Recently a number of popular Magento extensions were found to be vulnerable to a similar issue as the one described in CVE-2016-4010. In many cases the fix for the extension could be as simple as replacing an unsafe/unsanitized user input call to the PHP unserialize() function, with something more forgiving like json_decode(). This was the case for the Made_Cache extension as can be seen on this changeset. The recommendation from PHP manual is quite clear on the dangers of reckless usage of the unserialize() function:


Usage of the unserialize() function in PHP. Source: PHP online manual

In a nutshell, Magecart deployment usually starts with compromising the targeted system/website through the aforementioned issues, and then they change the website content and scripts in a way that they can embed their own skimming scripts into it in order to scrape sensitive data such as credit card and other personal data from customers.

Unsurprisingly, one of the main targets of these scripts are specifically the checkout pages of online stores where users fill their credit card data. Below is an example of such malicious script:


JavaScript Magecart Sample. Source: SpiderLabs Threat Intelligence / Malware teams

There are a few interesting things to note about this particular script. It's a one-liner, and that variable and function names are meaningless. Looking closely one can notice that all object names start with the "_0x" prefix attached to it which suggests that these identifiers are based on hexadecimal representations. It becomes somewhat obvious that this code is obfuscated.

This specific piece of code was probably obfuscated with a tool like javascript-obfuscator. There's a web version of this tool which makes pretty easy for anyone to use it. For instance, the result of obfuscating something as trivial as console.log("Hello World!"); in JavaScript turns out like this:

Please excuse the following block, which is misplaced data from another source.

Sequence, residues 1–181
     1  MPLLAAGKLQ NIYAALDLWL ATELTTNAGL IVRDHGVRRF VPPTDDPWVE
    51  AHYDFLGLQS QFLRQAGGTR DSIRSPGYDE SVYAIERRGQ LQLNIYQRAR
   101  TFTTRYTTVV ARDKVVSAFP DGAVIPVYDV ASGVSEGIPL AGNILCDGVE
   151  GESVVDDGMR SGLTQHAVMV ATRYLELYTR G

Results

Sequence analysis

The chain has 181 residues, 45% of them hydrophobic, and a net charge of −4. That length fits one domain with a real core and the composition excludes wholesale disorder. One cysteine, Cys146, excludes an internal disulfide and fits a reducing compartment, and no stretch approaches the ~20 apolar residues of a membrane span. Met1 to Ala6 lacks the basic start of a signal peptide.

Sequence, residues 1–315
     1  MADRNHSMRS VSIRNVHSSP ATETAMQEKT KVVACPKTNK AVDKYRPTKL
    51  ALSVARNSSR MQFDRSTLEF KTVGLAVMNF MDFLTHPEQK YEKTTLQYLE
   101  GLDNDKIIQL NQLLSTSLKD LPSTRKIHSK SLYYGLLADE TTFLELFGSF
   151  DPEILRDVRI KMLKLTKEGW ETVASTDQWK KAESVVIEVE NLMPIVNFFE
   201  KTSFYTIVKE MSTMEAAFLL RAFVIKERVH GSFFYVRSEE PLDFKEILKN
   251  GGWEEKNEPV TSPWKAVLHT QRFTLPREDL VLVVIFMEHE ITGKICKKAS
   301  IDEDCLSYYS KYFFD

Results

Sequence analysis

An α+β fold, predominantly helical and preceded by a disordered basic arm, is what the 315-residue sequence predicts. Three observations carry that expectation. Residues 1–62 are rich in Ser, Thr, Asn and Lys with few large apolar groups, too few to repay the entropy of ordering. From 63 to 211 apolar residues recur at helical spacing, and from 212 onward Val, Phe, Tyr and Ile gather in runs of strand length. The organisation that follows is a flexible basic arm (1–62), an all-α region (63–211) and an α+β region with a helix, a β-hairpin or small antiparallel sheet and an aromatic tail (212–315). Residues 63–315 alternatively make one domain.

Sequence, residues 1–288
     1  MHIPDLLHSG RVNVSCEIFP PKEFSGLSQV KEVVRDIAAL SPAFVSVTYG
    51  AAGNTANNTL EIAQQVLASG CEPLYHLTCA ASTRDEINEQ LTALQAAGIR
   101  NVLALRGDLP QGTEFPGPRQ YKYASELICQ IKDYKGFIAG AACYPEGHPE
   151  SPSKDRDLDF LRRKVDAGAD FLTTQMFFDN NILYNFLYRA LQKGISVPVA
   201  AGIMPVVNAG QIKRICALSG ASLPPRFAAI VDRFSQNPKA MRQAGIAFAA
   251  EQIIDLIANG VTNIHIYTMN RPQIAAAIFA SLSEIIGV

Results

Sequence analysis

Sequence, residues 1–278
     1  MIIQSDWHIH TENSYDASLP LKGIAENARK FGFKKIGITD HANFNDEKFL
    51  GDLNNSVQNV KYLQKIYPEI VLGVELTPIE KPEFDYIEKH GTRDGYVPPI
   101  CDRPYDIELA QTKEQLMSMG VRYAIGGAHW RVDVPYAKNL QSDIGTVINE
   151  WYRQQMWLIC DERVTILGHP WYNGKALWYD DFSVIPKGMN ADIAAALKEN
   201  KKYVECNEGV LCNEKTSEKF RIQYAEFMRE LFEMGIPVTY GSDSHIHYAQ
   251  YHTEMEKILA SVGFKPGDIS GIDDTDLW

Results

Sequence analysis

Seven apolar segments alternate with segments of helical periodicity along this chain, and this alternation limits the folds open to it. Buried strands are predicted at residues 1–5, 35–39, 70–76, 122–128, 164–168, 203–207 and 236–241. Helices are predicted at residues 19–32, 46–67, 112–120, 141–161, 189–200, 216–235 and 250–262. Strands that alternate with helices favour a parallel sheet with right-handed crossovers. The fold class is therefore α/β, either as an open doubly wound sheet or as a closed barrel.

"Hello world" program in PHP obfuscated

We could try to make this more readable by maybe starting with decoding those hexEncoded strings there like so:

➜ ~ python -c 'print "\x6c\x6f\x67"'

This would obviously take a long time to decode manually, so we could write some automation to go over this code and "beautify" it to something more meaningful. Luckily there's wide availability of JavaScript beautifiers out there such as js-beautify. Also, there's a web version that we can use at

If we run that first sample of obfuscated JavaScript through the beautifier, we get something more readable:


De-obfuscated JavaScript Magecart Sample. Source: SpiderLabs Threat Intelligence / Malware teams

Just by glancing at this piece of JavaScript we can identify interesting stuff such as the usage of the XMLHttpRequest() to send a POST request with a fixed set of parameters that appends data from variables defined previously. Also, a URL defined at the beginning of the script that is identified as a known IOC related with Magecart.

In the way that the script is laid out, the user input, being clicks, mouse (h)overs or form fields would be skimmed, appended to a variable and them sent to a server controlled by the attackers. In this case, the entity that wrote the script decided to have the receiving end with a misleading script name that mimics a common JavaScript "slider" script.

On our quick analysis, we can also tell that the script is checking if the data worth to be skimmed by means of an if block in the end of the script checking if JavaScript's window.location object (that is used to get the current URL in the browser) matches a RegExp() that contains pay (OR) checkout (OR) onestep.  These are names of popular Magento extensions used in shopping carts for checking out as is the case of oneStep.